Sunday, January 2, 2011

Patience, Patience

I have now fully deconstructed, traced to paper and cut new fabric for the RTW plunge bra.

Sounds good, doesn't it?

But with bras, it's always a long view proposition.

Turns out I do not have the right widths of elastic to proceed. My stash is comprised of much thicker stuff. The more I compare the pattern bras for my size, against the RTW bras I own, the less surprised I am that the handmade bras haven't fit. We've been trained to think that wider or bigger is more "supportive". It's really not true. The more I consider this, the more I come to the conclusion that it's the construction mechanism which defines support. Of course, this implies use of the highest end materials and notions. RTW bra companies have ready-access to these supplies. Home sewists trying to make large bras, not so much.

My point is, if you have small(ish) breasts and you look around a bit, you can find totally adequate fabrics, notions etc. If you've got large breasts, requiring "architectural" supplies, that becomes a much more challenging task.

For example, even having spend hundreds of dollars on bra supplies, here's what I've figured out I STILL need - stuff I'm still working to source:
  • Stable, high-end wires. (Note: I have bought some I have high hopes for from Danglez. Dini, the owner, was kind enough, when I requested, to mail me 4 sets of wires in a small box for 15 euros less than 20 euros it costs to send anything from NL to Canada via Danglez. That made the risk affordable and I greatly appreciate the consideration.)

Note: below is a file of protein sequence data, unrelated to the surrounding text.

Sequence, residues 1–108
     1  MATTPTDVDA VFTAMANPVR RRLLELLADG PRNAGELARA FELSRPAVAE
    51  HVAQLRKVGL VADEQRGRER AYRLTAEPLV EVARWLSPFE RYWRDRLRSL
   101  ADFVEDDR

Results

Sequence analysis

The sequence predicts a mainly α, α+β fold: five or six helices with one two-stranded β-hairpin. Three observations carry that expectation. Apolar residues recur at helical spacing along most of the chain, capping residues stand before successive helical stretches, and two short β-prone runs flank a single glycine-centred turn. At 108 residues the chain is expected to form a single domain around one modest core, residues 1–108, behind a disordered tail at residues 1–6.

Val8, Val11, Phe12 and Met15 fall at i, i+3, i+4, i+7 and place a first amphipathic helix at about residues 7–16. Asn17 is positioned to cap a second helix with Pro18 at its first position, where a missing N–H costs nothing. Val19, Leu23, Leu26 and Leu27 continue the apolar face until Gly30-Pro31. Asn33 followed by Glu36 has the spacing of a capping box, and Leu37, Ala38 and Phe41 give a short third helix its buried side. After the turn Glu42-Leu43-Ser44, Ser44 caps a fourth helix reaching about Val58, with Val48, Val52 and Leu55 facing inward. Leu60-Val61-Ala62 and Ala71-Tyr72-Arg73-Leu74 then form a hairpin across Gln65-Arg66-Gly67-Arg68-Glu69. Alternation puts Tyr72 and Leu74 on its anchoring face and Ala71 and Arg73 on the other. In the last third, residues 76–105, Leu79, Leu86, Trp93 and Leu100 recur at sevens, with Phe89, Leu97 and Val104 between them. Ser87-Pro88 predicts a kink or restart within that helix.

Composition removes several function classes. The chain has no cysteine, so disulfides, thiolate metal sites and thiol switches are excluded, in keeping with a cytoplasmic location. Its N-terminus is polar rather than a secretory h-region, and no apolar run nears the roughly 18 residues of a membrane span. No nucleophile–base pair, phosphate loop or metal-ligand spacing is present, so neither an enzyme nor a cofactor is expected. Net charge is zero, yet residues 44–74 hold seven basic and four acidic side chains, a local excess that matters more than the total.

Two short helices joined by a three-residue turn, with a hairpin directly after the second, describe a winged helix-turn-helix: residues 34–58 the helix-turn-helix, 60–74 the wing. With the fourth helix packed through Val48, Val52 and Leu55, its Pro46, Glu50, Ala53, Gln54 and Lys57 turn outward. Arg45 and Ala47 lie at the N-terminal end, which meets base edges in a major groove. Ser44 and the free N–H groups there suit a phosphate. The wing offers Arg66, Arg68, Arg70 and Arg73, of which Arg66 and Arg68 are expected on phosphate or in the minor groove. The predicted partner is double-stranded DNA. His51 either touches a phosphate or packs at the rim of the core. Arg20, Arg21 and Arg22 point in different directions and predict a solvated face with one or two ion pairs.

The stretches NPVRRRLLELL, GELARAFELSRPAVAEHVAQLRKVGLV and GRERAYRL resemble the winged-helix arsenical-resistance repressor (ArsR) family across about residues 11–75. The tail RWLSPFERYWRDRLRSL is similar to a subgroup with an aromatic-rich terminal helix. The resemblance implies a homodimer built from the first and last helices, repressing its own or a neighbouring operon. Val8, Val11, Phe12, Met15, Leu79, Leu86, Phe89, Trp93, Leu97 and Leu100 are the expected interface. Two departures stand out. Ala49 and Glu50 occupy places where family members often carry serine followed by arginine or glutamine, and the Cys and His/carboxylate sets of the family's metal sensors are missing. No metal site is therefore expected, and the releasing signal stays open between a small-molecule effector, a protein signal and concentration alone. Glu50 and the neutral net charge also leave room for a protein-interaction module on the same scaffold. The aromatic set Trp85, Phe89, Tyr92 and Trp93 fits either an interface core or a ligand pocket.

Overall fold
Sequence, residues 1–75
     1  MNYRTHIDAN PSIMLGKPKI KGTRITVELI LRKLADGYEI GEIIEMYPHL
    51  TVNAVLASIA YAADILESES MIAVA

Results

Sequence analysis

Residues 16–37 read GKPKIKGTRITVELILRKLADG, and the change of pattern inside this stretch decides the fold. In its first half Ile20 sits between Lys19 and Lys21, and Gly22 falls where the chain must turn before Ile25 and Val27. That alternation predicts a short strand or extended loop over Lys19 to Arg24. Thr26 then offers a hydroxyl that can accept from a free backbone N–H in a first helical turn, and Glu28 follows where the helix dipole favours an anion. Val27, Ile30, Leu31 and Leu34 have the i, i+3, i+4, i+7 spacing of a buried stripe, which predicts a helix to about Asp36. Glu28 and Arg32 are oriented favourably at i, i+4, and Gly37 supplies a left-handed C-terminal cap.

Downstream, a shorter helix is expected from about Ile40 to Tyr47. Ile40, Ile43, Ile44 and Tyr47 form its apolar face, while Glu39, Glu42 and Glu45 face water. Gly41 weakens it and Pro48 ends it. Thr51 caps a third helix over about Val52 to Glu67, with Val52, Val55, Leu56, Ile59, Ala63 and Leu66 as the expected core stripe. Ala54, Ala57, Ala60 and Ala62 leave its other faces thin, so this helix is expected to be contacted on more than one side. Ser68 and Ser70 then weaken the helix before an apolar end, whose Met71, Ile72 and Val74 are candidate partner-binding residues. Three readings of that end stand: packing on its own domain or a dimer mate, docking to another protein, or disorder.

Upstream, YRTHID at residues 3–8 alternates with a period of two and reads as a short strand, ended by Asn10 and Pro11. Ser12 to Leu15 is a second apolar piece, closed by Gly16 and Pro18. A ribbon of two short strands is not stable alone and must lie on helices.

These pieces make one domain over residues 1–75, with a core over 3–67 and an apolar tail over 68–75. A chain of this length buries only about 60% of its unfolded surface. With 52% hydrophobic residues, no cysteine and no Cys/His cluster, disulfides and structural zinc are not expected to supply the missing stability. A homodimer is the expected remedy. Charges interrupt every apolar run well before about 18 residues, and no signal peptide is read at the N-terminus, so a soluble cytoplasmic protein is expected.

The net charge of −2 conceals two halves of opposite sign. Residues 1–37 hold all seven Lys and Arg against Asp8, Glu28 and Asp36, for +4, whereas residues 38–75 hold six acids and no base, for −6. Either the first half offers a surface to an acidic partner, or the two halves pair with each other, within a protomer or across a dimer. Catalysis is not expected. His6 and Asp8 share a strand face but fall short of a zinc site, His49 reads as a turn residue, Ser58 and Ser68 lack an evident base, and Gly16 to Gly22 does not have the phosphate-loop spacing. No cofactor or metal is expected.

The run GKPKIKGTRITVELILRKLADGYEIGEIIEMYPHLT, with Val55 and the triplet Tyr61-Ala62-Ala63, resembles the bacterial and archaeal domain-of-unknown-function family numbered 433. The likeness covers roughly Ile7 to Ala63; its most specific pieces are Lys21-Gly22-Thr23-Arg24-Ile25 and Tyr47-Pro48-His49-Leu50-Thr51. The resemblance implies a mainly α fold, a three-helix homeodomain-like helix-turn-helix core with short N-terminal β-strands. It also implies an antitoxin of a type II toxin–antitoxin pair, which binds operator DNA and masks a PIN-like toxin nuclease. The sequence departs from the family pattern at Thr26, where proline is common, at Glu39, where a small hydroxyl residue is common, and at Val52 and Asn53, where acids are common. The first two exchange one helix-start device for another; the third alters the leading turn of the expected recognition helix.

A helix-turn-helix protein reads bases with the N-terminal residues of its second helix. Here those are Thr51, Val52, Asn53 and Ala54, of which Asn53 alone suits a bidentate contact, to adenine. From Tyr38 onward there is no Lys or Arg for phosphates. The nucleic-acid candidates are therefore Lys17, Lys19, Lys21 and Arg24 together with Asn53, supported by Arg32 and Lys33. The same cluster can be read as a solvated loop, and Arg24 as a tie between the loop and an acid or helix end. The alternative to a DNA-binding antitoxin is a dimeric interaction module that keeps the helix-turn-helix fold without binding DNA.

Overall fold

• 2 wide x 3 long hook / eye sets that aren't made of inferior quality with badly finished siding. I also need them to be 1.25 inches wide, not the 1.5 inches that the other sets I've bought have been.
  • Top band elastic at 3/8 inch. I've got 5/8 inch...
  • Bottom band elastic at 5/8 inch I've got 3/4 inch...
  • Really high quality lingerie fabric with the smallest amount of width stretch. I've been working largely with Duoplex, a fabric with no stretch and it's limiting! I do have all kinds of stabilizers and linings and interfacing but I really don't know how to work well enough with them yet. And till I do, I need some gorgeous, stable, fashion fabric options (the likes of which all the high-end lingerie RTW companies provide).
I am also increasingly convinced that every sloper I've tried has been the wrong shape for me. When I compared the deconstructed RTW against one of my previous patterns (admittedly, the RTW is a plunge and the pattern was a balconette) I was SHOCKED by the difference in every single piece. I'm not yet skilled enough with the 3 dimensional thinking to explain how the shapes of the pieces speak to the shape of my breasts and frame, but maybe I'll figure it out as I go along. And then I WILL share.

Unless you're really skilled or really lucky, I sense that getting from "bra making novice" to "bra making expert" is a long and expensive road. The only thing I can say is that RTW bras are so costly, eventually the scales may level.